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  • Health & Medicine

London kids are lighting up

The Cancer Research UK logo
by Cancer Research UK | News

13 August 2002

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One third of London’s under-16’s admit to smoking, according to a survey1 conducted by Cancer Research UK.

Statistics for the under-10’s are even more shocking. Two thirds of girls who were quizzed by the charity said they smoked, although the figure for boys in that age group remained around 30 per cent.

Despite their under-age smoking habits, more than half the children between 10 and 16 said they worried about their future health. And 80 per cent of teenage girls would change their habits to reduce the risk of illness in adulthood.

Two thirds of teenage boys and more than half the girls said they were excited by science. But when it came to careers the most popular choice for girls was to be a popstar while the favourite job for boys was a computer expert. Three times as many girls as boys said they would like to be a doctor or nurse.

The children answered questions on science, health and lifestyle habits at Tomorrow’s World roadshow at Earls Court where they were entertained by a travelling pop band, created by Cancer Research UK.

The all-singing, all-dancing band performed a music spectacular designed to inform teenagers about science and cancer.

The band has been performing with the help of an interactive space capsule and science information robot to help put across the charity’s message: to overcome cancer through education, fundraising, recruitment, lifestyle and research.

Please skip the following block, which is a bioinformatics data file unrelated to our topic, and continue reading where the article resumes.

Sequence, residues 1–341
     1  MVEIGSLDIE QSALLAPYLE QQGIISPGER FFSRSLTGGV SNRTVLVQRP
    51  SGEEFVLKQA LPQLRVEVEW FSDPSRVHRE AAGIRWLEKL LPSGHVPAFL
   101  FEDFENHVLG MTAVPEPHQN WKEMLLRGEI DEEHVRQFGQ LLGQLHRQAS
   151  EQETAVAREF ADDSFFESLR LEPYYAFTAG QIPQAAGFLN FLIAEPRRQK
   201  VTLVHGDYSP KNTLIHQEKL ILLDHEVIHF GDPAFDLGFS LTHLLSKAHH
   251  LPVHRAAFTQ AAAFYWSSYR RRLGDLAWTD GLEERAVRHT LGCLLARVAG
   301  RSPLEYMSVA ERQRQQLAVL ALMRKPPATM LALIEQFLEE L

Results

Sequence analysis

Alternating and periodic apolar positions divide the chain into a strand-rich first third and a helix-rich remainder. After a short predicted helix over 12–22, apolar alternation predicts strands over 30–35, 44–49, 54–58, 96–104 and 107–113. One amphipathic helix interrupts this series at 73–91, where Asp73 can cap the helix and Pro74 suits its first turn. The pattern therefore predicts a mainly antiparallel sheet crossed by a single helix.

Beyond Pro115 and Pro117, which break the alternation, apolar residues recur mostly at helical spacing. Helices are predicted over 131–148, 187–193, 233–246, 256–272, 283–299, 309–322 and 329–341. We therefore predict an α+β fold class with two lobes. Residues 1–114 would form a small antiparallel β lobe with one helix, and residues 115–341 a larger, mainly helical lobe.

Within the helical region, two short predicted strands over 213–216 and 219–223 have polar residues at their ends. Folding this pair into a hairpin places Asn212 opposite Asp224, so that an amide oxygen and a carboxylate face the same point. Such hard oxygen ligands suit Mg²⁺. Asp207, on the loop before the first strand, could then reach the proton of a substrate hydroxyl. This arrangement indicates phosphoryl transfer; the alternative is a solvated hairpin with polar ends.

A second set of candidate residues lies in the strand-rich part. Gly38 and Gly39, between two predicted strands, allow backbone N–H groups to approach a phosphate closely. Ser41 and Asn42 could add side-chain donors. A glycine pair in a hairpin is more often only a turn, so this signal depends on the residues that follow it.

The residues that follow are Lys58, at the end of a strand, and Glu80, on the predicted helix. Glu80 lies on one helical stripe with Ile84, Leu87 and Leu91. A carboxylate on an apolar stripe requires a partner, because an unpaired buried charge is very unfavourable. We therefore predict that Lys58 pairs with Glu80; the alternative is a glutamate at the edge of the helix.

By stimulating children’s interest in science the charity is hoping that more youngsters will be inspired to take up a career working in the fight against cancer.

When it came to healthy eating two thirds of the London teenage girls and half the boys surveyed said they ate vegetables every day.

Half the children aged between 10-12 said they protected their skin in the sun sometimes but one third admitted to never using sun protection.

Professor John Griffiths, director of Cancer Research UK’s Biomedical Resonance Resarch Group at St George’s Hospital in London says: “We know that children aged 11 to 16 are actively making decisions that will influence their future health.

“It’s crucial that Cancer Research UK gets in early to inform these kids and encourages them to form healthy habits for life. Using a pop band to get this message across is a fantastic idea.”

Dr Lesley Walker, Director of Information at Cancer Research UK, says: “It’s very easy to presume that we know how kids feel. We believe that we have a lot to learn about children’s attitudes and their aspirations for the future and the more we understand, the easier it will be for us to help.”

ENDS

 

  1. Almost 600 people took part in the survey